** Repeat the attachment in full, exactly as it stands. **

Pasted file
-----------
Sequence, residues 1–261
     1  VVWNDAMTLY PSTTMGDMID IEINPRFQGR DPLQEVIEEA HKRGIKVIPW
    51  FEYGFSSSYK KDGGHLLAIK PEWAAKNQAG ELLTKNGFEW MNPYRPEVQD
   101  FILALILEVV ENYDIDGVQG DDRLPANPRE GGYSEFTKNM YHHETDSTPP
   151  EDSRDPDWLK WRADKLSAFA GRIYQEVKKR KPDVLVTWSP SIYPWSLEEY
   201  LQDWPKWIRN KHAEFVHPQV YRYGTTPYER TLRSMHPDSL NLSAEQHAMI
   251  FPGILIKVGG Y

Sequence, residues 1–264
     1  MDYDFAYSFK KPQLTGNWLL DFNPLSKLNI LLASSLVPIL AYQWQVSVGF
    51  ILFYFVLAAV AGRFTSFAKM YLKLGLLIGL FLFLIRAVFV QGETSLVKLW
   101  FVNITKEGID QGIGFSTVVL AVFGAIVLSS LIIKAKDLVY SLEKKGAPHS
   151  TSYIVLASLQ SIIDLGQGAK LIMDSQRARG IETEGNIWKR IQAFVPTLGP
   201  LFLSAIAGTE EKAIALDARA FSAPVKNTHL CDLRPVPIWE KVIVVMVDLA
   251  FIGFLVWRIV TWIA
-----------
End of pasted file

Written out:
Sequence, residues 1–261
     1  VVWNDAMTLY PSTTMGDMID IEINPRFQGR DPLQEVIEEA HKRGIKVIPW
    51  FEYGFSSSYK KDGGHLLAIK PEWAAKNQAG ELLTKNGFEW MNPYRPEVQD
   101  FILALILEVV ENYDIDGVQG DDRLPANPRE GGYSEFTKNM YHHETDSTPP
   151  EDSRDPDWLK WRADKLSAFA GRIYQEVKKR KPDVLVTWSP SIYPWSLEEY
   201  LQDWPKWIRN KHAEFVHPQV YRYGTTPYER TLRSMHPDSL NLSAEQHAMI
   251  FPGILIKVGG Y

Sequence, residues 1–264
     1  MDYDFAYSFK KPQLTGNWLL DFNPLSKLNI LLASSLVPIL AYQWQVSVGF
    51  ILFYFVLAAV AGRFTSFAKM YLKLGLLIGL FLFLIRAVFV QGETSLVKLW
   101  FVNITKEGID QGIGFSTVVL AVFGAIVLSS LIIKAKDLVY SLEKKGAPHS
   151  TSYIVLASLQ SIIDLGQGAK LIMDSQRARG IETEGNIWKR IQAFVPTLGP
   201  LFLSAIAGTE EKAIALDARA FSAPVKNTHL CDLRPVPIWE KVIVVMVDLA
   251  FIGFLVWRIV TWIA